"Defendant (Iaia) is the owner of the entire right, title and interest in and to United States Letters Patent No. 2,752,814 [180 Cal. App. 2d 734] and in and to application for United States Letters Patent, Serial No. 516,549 and plaintiff (Aero) has no right, title and interest of any kind in and to said patent, patent applications, or the inventions disclosed therein.


"Plaintiff (Aero) has no shop right of any kind under the aforesaid patent or patent application or under the inventions disclosed therein."

The remainder of judgment is composed of Paragraphs III and IV. They provide as follows:


"Plaintiff (Aero) has an exclusive oral license agreement with defendant (Iaia) for the life of the aforesaid patent and any patent issuing on the aforesaid application, to make, to have made, to use, to permit its customers to use, and/or to sell in the aircraft field, to the exclusion of defendant, self-sealing fasteners covered by one or more claims of United States Letters Patent No. 2,752,814 and/or said application Serial No. 516,549 and any patent which may issue on the last mentioned application, in consideration for the payment by plaintiff to defendant or his order, a royalty of 20 per cent of plaintiff's gross sales on all self-sealing fasteners sold by plaintiff and so covered by any claim of said patents and/or patent application. (Emphasis added.)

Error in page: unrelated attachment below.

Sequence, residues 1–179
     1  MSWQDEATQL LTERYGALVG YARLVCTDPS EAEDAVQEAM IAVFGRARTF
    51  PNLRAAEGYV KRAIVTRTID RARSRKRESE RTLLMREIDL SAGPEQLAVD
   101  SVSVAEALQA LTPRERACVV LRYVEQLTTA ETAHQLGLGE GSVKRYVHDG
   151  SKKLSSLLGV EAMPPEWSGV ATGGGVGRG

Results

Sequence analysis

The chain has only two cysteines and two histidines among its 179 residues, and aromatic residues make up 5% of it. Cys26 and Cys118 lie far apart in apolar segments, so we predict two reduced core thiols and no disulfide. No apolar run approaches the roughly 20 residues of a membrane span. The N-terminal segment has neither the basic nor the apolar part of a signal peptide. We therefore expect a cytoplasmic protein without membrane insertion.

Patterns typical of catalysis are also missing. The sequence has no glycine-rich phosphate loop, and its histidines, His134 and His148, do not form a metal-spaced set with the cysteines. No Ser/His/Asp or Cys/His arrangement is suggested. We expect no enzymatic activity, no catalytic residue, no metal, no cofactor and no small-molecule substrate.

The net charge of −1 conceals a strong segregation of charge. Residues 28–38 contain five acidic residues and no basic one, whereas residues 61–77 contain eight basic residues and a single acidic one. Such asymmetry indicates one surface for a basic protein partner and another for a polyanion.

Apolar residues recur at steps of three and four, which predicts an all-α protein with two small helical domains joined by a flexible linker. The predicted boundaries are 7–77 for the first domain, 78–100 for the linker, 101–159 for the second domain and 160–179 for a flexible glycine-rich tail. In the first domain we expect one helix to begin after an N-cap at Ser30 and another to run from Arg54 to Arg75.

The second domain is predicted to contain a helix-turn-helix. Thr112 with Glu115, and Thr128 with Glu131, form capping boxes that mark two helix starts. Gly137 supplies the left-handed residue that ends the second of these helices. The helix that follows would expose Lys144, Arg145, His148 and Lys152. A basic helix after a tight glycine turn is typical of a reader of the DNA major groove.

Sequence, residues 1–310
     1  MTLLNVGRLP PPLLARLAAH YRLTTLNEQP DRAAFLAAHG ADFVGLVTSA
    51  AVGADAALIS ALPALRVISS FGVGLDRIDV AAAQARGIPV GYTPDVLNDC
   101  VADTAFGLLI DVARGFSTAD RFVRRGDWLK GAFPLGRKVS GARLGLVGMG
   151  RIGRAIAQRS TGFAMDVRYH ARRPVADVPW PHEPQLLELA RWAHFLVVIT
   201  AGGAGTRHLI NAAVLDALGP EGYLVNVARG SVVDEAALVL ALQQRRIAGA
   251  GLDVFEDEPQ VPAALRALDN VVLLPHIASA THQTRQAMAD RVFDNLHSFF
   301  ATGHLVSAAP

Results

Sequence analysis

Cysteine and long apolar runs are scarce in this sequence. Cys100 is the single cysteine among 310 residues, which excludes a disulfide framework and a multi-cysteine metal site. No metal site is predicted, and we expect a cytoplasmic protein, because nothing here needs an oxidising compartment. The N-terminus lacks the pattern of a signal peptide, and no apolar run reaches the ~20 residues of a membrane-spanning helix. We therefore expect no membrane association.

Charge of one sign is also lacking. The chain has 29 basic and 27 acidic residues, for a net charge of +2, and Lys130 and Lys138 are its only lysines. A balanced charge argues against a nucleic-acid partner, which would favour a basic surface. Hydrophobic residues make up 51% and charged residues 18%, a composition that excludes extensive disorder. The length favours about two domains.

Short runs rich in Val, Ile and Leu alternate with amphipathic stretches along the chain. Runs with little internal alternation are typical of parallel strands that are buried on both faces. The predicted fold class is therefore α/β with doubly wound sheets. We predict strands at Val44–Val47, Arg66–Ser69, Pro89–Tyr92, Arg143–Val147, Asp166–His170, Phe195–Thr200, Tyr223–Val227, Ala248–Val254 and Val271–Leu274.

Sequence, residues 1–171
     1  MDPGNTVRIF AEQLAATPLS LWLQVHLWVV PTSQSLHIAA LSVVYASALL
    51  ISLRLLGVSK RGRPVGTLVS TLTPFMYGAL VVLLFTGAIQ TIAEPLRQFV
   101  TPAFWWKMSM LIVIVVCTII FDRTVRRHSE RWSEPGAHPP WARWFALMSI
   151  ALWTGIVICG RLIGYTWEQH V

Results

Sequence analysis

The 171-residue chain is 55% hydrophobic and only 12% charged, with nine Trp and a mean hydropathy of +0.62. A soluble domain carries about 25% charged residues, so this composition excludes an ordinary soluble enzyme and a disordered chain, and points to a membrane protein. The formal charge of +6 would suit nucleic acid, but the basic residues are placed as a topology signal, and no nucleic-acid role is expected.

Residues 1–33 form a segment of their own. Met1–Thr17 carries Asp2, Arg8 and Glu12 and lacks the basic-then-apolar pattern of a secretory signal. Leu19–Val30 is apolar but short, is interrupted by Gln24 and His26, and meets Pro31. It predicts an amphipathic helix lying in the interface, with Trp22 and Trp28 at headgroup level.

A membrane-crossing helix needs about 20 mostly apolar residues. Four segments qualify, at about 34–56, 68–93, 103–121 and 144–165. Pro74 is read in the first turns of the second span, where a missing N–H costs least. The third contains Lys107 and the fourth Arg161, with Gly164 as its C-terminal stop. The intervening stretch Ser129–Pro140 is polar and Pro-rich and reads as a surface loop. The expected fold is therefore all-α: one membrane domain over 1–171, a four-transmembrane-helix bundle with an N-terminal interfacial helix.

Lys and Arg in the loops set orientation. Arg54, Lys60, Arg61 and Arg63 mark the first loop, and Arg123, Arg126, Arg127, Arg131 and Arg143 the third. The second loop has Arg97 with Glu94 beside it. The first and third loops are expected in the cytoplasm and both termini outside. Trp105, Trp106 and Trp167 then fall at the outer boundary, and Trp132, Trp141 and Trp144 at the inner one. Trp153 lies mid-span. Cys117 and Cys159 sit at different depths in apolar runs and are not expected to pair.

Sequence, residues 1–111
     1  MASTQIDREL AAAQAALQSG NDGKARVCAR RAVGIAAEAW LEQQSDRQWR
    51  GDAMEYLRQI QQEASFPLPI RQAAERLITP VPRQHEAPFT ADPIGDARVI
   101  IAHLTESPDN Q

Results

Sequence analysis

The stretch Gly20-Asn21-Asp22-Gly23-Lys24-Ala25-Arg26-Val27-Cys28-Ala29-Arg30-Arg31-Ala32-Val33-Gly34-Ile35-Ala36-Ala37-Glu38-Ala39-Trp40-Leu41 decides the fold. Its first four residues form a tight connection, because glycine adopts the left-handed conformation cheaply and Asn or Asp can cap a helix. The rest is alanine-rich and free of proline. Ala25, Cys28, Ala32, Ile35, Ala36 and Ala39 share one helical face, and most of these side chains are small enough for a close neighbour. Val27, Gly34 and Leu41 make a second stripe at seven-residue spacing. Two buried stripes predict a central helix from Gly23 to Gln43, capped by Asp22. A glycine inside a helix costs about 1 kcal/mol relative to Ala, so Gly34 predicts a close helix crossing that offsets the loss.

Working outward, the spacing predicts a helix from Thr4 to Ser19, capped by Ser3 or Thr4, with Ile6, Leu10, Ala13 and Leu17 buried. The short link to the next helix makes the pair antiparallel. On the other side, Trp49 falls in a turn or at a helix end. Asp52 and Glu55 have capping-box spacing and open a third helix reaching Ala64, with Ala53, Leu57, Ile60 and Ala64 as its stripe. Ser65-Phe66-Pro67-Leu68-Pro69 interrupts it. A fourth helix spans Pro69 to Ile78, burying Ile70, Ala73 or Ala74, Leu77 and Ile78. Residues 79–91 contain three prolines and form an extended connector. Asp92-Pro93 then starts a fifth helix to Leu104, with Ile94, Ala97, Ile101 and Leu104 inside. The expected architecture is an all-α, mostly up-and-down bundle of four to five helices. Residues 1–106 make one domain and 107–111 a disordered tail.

"Defendant (Iaia) is hereby and forthwith enjoined from committing any and all of the following acts:

"(a) Using or employing the trademark Uniseal in the sale of self-sealing fasteners;

"(b) Employing the trade name or style of 'The Uniseal Co.' in any business operated or controlled by defendant;

"(c) Distributing copies of plaintiff's borchure (sic), Exhibit 32;

"(d) Selling any sealing fasteners by reference to call-out numbers which are identical with call-out numbers previously adopted by plaintiff as set forth in Exhibit 32;

"(e) Interfering with plaintiff's efforts to procure bolts from outside sources for use or sale in the aircraft field;

"(f) From asserting United States Letters Patent No. 2,752,814 or application for United States Letters Patent, Serial No. 516,549, or any Letters Patent issuing therefrom, against the plaintiff because of its manufacture, use, and/or [180 Cal. App. 2d 735] sale of self-sealing fasteners in accordance therewith under its exclusive license with defendant in the aircraft field;

"(g) Making, using, and/or selling self-sealing fasteners covered by the aforesaid patent or patent application or any patent issuing from said application in the aircraft field in violation of plaintiff's exclusive license thereunder.